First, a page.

• I don't think I have an argument against the "pure malware" side, though. If I'm keylogged, or if someone could intercept the input/output of my helper scripts, then I guess I'm caught. Commented Oct 28, 2019 at 21:20
  • Indeed, there is never a 100% perfect solution, it is not totally terrible, but has nothing on using something like a Yubikey for the key storage. At the end of the day, it is possible to break open a Yubikey and copy the keys off it.
    – ewanm89
    Commented Oct 29, 2019 at 13:09
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One could store a database of the seeds on the a USB drive for some software to use to generate the 2FA codes. This however is not recommended, I suppose one could like a password manager encrypt it under a master passkey/phrase but still, it is a rather limiting solution.

As pointed out in the comments, if using FIDO based 2FA there are other products available (fidoalliance.org/certification/fido-certified-products), if one wants to use HTOP/TTOP (Google Authenticator codes) then something like a Yubikey is an excellent choice, it's not perfect either though.

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  • Your first paragraph sounds like more or less what I have actually done. My 2FA keys are encrypted on my flash drive, and the folder containing them is mounted in a directory that my password manager can see. They're all unlocked by the passphrase I use for all my passwords on this computer. I can see a limitation that this implies I can only use this key on "trusted machines" (i.e. ones with the private key I set up in advance). But I'm okay with that, I think - are there any other disadvantages? Commented Oct 28, 2019 at 17:36
  • Yes, and there are plenty of comments as to why it is not recommended here, it is better than nothing though. It is a problem if someone does get hold of the drive and make a copy... this could be done in seconds, and surreptitiously. That said, as with anything, one has to do their own risk analysis. Should also be noted, that any attacker having access to computer while it is plugged in could transfer that data across a network.
    – ewanm89
    Commented Oct 30, 2019 at 19:59
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One key property of hard tokens is resistance to undetected theft of the secrets.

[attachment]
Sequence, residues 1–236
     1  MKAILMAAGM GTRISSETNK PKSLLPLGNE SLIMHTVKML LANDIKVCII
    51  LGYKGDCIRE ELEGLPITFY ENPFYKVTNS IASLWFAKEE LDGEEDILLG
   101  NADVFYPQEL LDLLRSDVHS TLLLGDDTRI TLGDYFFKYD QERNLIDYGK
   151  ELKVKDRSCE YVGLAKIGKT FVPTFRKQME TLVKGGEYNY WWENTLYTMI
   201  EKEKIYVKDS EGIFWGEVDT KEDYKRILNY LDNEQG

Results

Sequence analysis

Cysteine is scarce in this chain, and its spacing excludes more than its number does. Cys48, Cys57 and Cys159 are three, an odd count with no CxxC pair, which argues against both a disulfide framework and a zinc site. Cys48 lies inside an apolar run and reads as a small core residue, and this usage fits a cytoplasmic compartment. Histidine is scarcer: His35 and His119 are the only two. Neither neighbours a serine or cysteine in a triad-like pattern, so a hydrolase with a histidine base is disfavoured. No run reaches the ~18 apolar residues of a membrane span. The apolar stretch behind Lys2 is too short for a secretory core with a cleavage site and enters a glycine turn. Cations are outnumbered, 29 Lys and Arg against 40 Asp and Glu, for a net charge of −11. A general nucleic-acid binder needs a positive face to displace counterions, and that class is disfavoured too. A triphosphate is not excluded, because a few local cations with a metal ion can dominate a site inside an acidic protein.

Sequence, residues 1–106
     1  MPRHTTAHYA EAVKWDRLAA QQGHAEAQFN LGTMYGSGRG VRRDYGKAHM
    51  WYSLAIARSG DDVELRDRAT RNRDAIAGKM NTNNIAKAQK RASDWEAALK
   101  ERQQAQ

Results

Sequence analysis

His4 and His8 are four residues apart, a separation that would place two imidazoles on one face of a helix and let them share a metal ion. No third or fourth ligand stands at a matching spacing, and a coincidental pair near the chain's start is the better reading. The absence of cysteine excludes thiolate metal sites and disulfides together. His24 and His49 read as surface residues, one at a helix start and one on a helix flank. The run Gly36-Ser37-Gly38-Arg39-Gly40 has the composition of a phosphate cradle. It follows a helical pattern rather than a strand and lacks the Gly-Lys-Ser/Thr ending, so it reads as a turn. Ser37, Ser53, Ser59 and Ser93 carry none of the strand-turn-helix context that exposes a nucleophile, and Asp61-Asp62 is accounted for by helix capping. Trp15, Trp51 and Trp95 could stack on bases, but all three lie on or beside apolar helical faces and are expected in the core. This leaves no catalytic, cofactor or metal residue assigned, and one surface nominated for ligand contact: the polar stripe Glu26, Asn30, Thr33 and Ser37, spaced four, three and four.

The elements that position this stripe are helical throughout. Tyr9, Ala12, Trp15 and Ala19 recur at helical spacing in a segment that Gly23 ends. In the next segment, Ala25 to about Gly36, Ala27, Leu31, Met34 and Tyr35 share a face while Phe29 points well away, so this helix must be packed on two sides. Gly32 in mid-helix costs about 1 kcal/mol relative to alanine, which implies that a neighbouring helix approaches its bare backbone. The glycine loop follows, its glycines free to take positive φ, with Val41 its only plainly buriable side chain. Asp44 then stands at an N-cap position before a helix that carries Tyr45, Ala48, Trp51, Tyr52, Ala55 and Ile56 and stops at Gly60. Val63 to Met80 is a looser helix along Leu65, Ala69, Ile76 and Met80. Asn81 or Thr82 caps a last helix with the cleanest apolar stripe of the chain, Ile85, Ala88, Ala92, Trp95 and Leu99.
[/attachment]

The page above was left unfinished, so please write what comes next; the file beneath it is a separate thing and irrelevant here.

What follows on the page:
It should be very difficult for me to steal your physical token temporarily (while you're not looking or asleep, etc.), duplicate its secret contents, silently return it ... and then use the secrets without your knowledge for an indefinite period of time (thereby destroying the token's value as a second factor).

Devices like the YubiKey, RSA tokens, etc. are designed to make it difficult to copy their secret material non-destructively. For an attacker to use them, they have to either be stolen, or visibly damaged. The user can detect either compromise quickly, deauthorize the old token, and get a new one.

A security key on an ordinary USB key could be silently copied.

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No. You can't. The 2nd factor in your 2FA is either a possession or biometry. You can not do biometry with a USB flash drive. A possession factor is based on cryptographic key material. You can not safely store cryptographic keys on a USB flash drive.

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  • This really doesn't make sense, and I figure you've just phrased things poorly. You can do fingerprint scanners on USB drives. And you can store keys on a USB drive, safely or not. So, to say "you can't" based on those statements is not correct.
    – schroeder
    Commented Oct 28, 2019 at 17:29
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    I haven't written this up, but I've settled on something that seems to work the way I want. My flash drive contains a gpg-encrypted file which contains my private key for 2FA. This is then mounted on my computer, and I use a programme called oathtool to generate the 2FA key. (by the way, I'm not the downvoter) Commented Oct 28, 2019 at 17:29
  • @preferred_anon nice writeup. However, you should be aware of, that as others pointed out your usb flash drive can be easily copied. And you do not know if anyone copied it. Then the attacker has all the time he wants to brute force your encrypted container. Then he can use TOTP with no other component (only the time, which is omnipresent) to calculate the OTP values. He can impersonate the 2nd factor without you knowing. - OK, there are a lot of "if"s, but you might want to keep this in mind!
    – cornelinux
    Commented Oct 28, 2019 at 21:30
  • @preferred_anon Again - "if they have my usb flash". They do not need to "have". They only have to be able to copy it for a few seconds. While you are on the toilet, under the shower or at the airport passing the scanner ;-)
    – cornelinux
    Commented Oct 28, 2019 at 21:32